Published: 14-11-2017 15:01 | Updated: 14-11-2017 15:37

New thesis on the evaluation of new markers for diagnosing dementia disorders

Konstantinos Chiotis, foto: Selma Wolofsky.

Hello Konstantinos Chiotis, PhD student at the Division of Translational Alzheimer Neurobiology. You are about to defend your thesis on 5 December, what is the main focus of your research?

"The focus of the thesis is the evaluation of new markers that can be incorporated in the clinic for the early and accurate diagnosis of dementia disorders. Alzheimer’s disease, the most common cause of dementia, is characterized by the build-up of two abnormal proteins in the brains of the affected patients, namely amyloid-beta and tau. We aimed, therefore, to test the use of a new imaging technique to detect tau protein in patients’ brains while they are alive.”

Which are the most important results?

“Our results indicate that we can image the presence and build-up of tau in the living Alzheimer’s brain in relation to changes in other markers of the disease. Moreover, by mapping the pattern of tau in the brain of different individuals we were able to differentiate between normal elderly, patients with Alzheimer’s disease or patients with other dementia syndromes.”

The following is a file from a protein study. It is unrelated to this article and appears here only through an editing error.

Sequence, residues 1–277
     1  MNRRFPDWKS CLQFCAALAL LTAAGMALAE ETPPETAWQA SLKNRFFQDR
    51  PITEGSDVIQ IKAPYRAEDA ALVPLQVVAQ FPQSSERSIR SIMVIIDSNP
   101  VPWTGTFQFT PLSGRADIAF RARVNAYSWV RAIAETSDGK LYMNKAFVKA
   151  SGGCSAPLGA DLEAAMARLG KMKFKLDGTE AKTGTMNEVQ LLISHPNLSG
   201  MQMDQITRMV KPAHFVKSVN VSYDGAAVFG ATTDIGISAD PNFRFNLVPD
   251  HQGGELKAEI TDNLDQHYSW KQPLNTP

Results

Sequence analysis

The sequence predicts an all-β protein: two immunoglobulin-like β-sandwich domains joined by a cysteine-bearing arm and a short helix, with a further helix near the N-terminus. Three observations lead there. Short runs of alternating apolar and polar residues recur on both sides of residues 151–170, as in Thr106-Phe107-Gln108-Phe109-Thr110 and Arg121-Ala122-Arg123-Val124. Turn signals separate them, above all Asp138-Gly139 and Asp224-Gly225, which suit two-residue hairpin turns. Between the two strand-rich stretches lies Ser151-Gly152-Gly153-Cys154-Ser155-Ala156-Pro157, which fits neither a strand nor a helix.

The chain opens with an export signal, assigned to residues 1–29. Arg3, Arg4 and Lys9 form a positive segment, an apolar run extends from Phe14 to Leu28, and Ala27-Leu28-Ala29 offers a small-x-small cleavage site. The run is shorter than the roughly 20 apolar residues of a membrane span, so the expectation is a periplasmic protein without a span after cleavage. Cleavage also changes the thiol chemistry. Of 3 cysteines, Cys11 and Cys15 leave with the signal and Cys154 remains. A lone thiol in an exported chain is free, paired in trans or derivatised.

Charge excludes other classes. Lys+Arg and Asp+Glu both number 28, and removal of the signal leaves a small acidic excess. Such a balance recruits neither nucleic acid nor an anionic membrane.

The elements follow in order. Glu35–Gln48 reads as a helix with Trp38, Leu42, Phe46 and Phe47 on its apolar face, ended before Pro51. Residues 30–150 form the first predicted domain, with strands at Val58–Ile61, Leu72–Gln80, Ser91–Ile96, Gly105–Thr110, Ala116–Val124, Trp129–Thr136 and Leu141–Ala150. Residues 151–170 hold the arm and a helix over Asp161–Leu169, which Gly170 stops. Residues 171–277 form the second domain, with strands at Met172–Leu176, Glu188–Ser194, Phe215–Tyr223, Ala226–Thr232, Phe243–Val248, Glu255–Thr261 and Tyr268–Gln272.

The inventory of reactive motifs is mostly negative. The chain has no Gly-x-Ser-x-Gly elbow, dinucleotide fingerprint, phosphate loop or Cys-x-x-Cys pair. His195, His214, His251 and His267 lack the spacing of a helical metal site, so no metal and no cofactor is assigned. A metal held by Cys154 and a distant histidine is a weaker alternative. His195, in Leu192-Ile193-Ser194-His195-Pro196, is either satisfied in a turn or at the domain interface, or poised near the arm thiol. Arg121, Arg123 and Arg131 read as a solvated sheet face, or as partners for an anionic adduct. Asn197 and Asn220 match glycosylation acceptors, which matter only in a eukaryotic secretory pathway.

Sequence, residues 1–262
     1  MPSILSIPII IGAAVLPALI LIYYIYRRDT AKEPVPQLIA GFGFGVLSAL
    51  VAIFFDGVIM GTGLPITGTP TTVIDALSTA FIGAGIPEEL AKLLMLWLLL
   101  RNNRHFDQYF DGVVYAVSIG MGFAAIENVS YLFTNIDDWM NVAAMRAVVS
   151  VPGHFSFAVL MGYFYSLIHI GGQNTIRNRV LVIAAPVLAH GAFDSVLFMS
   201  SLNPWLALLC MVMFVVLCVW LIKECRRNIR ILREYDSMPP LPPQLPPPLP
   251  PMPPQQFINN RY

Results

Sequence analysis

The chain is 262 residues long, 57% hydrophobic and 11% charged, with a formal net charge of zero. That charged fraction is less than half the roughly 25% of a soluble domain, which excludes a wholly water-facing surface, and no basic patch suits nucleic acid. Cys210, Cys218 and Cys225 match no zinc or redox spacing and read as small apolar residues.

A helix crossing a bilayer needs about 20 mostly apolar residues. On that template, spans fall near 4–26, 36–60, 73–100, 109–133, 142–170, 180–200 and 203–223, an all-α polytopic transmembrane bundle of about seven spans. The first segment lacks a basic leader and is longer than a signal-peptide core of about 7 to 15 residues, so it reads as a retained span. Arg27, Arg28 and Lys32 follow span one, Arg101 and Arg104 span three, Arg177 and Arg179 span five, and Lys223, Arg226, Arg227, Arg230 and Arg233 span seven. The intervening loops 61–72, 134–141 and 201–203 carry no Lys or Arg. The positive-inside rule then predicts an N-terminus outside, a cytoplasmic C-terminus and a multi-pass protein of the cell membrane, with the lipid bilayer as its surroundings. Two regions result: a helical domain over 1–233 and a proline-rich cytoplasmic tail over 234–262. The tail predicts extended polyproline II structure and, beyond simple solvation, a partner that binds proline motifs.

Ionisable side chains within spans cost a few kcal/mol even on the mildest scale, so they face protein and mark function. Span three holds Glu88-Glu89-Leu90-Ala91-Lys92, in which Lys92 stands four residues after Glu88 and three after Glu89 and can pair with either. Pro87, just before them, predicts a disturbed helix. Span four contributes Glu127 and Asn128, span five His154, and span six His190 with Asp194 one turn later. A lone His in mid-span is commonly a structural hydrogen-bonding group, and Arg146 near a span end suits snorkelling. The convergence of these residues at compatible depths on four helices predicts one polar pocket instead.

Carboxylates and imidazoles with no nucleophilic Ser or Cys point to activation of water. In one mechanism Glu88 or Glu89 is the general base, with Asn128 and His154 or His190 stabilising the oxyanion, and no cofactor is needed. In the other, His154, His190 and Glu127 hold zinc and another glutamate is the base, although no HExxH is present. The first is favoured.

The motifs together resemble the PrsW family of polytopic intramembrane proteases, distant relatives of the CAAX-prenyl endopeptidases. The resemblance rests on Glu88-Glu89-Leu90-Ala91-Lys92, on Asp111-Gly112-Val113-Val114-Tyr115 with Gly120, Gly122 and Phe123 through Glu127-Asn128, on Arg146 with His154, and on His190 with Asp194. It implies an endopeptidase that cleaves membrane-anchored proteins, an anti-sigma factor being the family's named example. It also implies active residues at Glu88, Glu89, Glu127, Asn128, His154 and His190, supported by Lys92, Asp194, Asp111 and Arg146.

How can this new knowledge contribute to the improvement of people’s health?

"The addition of tau imaging in the research toolbox against dementia syndromes will enhance our understanding of the underlying mechanisms that lead to dementia. Moreover, the incorporation of markers like tau imaging in the clinical assessment of patients with cognitive complaints could lead to an accurate diagnosis and appropriate management of the patients”.

What´s in the future for you? Will you keep on conducting research?

I am planning to continue my research as a part time researcher, while working clinically as a physician at the Karolinska University Hospital, Solna.


Molecular imaging of tau in the pathological cascade of Alzheimer’s disease



Konstantinos Chiotis

Organizational unit: Nordberg